Union Station#14 in Best Things To Do in Kansas City
Kansas City’s Union Station was built in 1914 and primarily used as a train station at that time. During World War II, the 850,000-square-foot compound continued to welcome patrons with restaurants, a barber shop and a cigar store, as well as professional spaces like railroad offices and the country’s largest Railway Express Building (for shipping freight and mail). Union Station shut down in the 1980s and almost faced demolition on several occasions. It reopened in 1999 (following a three-year revitalization project) and has since drawn tourists from around the world with its stunning chandeliers and 95-foot ceilings.
In addition to hosting weddings and business meetings, Union Station also displays exhibits ranging from the newly redesigned KC Rail Experience to an interactive center known as Science City. There is also a planetarium and theaters featuring giant-screen movies and live shows. The station still shows its roots, though; just like a century ago, you can still hop on an Amtrak train and head to a new destination. Recent visitors said the historical, beautifully restored building is a must-see. They also said it’s especially great for families traveling with kids (thanks to a number of child-friendly exhibits) but noted there is something there for people of all ages.
Admission costs vary, depending on which part of the station you wish to visit. There is a flat rate of $7 per person to visit the Arvin Gottlieb Planetarium, while seeing a movie at the Regnier Extreme Screen Theatre can cost anywhere from around $5 to $10 per person. Enjoying a live performance at the City Stage Theatre may cost between $10 and $20 (or more or less, depending on the show). Tickets can be purchased online or in person. Entering the station itself is free of charge; you can do so between 6 a.m. and midnight every day of the week. To learn more, check out Union Station’s website.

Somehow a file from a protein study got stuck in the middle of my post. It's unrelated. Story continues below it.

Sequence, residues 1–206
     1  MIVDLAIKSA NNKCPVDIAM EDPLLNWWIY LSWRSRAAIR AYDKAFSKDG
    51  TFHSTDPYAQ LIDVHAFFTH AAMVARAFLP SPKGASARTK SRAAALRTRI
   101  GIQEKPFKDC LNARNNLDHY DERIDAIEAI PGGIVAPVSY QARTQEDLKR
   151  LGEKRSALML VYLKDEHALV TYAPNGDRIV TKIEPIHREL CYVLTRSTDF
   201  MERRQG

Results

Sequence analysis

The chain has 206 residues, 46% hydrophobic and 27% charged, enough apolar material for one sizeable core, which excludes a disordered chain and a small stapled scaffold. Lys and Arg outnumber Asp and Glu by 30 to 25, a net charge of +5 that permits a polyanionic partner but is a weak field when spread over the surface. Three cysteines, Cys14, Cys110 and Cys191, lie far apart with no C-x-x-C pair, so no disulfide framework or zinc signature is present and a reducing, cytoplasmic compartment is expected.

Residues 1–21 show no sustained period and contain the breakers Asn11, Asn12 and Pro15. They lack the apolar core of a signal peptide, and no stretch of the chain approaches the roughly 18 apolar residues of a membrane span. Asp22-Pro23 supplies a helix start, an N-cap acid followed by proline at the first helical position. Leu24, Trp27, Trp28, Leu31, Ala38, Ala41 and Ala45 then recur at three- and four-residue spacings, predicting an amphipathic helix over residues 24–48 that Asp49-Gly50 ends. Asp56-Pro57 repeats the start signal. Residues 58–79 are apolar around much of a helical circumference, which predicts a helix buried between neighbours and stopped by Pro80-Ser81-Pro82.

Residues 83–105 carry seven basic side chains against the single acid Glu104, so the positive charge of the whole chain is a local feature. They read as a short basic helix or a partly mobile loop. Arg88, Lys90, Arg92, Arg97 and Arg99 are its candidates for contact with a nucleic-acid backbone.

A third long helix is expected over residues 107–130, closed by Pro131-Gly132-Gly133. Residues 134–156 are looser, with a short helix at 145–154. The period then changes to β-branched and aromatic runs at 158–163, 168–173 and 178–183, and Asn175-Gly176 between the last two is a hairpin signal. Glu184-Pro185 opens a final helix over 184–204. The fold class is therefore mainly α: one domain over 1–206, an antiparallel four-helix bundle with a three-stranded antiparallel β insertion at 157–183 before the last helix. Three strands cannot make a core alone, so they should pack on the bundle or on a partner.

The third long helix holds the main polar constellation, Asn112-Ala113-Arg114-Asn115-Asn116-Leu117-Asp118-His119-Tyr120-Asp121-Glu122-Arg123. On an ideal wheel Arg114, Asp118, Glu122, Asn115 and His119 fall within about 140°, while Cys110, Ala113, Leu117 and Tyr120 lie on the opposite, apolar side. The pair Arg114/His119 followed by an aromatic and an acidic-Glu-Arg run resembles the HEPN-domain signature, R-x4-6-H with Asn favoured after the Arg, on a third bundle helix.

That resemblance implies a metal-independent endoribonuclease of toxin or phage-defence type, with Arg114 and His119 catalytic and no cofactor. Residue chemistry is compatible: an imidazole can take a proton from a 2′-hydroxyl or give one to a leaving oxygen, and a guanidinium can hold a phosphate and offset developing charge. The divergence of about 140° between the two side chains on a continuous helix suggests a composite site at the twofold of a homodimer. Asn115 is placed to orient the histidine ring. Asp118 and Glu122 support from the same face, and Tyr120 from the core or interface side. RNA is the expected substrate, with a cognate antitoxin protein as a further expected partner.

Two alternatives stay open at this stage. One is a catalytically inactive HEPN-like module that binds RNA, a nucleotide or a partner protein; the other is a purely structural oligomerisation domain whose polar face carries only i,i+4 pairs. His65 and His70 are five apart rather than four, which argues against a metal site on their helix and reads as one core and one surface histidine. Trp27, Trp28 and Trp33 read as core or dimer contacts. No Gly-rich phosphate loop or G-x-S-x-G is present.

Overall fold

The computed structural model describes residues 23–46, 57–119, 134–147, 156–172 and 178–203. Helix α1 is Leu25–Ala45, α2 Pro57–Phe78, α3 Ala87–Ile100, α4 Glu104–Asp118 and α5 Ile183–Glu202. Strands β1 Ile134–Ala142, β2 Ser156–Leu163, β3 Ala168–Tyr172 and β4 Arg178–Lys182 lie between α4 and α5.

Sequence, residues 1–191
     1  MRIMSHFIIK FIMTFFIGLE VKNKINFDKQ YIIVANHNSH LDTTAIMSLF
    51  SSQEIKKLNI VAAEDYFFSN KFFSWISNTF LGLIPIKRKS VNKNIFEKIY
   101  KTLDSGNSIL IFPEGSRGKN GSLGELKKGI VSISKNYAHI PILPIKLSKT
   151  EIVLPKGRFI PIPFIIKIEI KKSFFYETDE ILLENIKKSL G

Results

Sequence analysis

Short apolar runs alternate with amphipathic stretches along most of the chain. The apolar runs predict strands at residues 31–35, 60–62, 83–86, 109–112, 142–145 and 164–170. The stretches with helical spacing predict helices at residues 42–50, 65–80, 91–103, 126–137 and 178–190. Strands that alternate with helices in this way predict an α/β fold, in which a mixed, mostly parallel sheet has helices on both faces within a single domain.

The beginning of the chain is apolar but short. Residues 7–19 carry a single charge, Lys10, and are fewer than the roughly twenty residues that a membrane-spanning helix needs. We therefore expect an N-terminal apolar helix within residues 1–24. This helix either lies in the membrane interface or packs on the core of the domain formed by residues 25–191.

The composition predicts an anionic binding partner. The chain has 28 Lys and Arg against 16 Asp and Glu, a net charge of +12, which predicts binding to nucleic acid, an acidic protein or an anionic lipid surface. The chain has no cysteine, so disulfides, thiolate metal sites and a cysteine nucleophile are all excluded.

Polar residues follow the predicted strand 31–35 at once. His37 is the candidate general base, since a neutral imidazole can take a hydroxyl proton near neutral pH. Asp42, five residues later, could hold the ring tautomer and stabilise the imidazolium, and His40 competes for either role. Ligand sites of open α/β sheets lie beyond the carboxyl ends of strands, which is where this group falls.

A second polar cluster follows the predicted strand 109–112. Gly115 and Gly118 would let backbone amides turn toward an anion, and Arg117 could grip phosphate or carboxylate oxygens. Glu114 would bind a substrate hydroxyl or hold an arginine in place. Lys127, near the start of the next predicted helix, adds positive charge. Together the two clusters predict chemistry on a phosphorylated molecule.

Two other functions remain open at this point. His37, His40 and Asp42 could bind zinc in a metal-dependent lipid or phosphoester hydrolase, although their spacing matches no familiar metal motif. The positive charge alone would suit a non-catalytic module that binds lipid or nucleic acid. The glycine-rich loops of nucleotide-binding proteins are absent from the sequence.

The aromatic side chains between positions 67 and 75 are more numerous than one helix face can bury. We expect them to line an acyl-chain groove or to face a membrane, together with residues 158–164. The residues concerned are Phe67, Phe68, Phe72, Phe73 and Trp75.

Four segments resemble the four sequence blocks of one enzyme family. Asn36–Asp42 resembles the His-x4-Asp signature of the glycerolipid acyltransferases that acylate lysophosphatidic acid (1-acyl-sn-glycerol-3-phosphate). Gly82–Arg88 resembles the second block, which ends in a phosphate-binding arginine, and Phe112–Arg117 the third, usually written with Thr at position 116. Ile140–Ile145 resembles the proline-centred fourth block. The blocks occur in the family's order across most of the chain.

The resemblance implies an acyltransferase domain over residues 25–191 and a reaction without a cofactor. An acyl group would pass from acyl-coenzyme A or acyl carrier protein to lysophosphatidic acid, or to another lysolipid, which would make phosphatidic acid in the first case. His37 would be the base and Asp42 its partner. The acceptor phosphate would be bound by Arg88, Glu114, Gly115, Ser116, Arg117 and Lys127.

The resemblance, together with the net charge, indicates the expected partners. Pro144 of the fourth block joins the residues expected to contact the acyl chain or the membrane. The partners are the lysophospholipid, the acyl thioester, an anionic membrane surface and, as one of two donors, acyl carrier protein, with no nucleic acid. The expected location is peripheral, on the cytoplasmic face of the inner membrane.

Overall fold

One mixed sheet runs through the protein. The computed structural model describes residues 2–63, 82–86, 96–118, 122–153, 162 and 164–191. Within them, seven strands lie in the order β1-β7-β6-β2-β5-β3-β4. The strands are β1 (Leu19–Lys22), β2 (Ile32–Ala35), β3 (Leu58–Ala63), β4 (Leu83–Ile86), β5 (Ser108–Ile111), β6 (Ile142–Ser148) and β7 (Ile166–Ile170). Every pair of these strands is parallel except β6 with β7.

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#1 Nelson-Atkins Museum of Art
The Nelson-Atkins Museum of Art appeals to many kinds of visitors, such as little kids who appreciate the giant badminton birdie installations (four 18-foot shuttlecocks, to be exact) on the 22-acre lawn, or adults who enjoy the play of light in Caravaggio's "Saint John the Baptist in the Wilderness." The art museum's permanent collection spans thousands of years, includes more than 35,000 pieces and features art from Europe, Asia and America. The museum also displays interesting architectural pieces like centuries-old furniture and stained glass windows, in addition to more modern paintings, prints and drawings, sculptures and photography. What's more, the Nelson-Atkins Museum of Art showcases different exhibitions every year across a variety of mediums; check the site for upcoming exhibits during your visit.
Visitors are consistently impressed with this museum, saying they could spend hours perusing the interesting art. Recent travelers called out the massive sculpture park for its host of unique installations and said the grounds were delightful to stroll on a nice day. Many said they also appreciated that there was no fee to browse this museum's extensive collection of works.
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